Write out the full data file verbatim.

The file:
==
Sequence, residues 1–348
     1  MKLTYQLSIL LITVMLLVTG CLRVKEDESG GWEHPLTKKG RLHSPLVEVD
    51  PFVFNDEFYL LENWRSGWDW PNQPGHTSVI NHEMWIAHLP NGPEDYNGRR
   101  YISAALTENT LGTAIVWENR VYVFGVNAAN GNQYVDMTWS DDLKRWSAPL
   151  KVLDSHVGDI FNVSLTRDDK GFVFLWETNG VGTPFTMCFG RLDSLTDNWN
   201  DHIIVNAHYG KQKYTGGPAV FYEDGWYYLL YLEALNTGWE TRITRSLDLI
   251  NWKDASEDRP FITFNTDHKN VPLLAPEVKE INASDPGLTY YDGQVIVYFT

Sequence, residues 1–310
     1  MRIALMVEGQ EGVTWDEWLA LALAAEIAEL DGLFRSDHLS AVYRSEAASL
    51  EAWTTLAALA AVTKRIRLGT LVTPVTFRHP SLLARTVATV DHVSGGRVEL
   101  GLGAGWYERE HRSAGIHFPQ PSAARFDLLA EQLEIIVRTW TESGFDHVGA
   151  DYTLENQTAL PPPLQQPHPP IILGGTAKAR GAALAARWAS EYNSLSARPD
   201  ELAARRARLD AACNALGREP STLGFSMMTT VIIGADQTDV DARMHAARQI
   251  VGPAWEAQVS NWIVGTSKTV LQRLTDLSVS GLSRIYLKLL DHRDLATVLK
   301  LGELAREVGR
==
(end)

Sequence, residues 1–348
     1  MKLTYQLSIL LITVMLLVTG CLRVKEDESG GWEHPLTKKG RLHSPLVEVD
    51  PFVFNDEFYL LENWRSGWDW PNQPGHTSVI NHEMWIAHLP NGPEDYNGRR
   101  YISAALTENT LGTAIVWENR VYVFGVNAAN GNQYVDMTWS DDLKRWSAPL
   151  KVLDSHVGDI FNVSLTRDDK GFVFLWETNG VGTPFTMCFG RLDSLTDNWN
   201  DHIIVNAHYG KQKYTGGPAV FYEDGWYYLL YLEALNTGWE TRITRSLDLI
   251  NWKDASEDRP FITFNTDHKN VPLLAPEVKE INASDPGLTY YDGQVIVYFT

Sequence, residues 1–310
     1  MRIALMVEGQ EGVTWDEWLA LALAAEIAEL DGLFRSDHLS AVYRSEAASL
    51  EAWTTLAALA AVTKRIRLGT LVTPVTFRHP SLLARTVATV DHVSGGRVEL
   101  GLGAGWYERE HRSAGIHFPQ PSAARFDLLA EQLEIIVRTW TESGFDHVGA
   151  DYTLENQTAL PPPLQQPHPP IILGGTAKAR GAALAARWAS EYNSLSARPD
   201  ELAARRARLD AACNALGREP STLGFSMMTT VIIGADQTDV DARMHAARQI
   251  VGPAWEAQVS NWIVGTSKTV LQRLTDLSVS GLSRIYLKLL DHRDLATVLK
   301  LGELAREVGR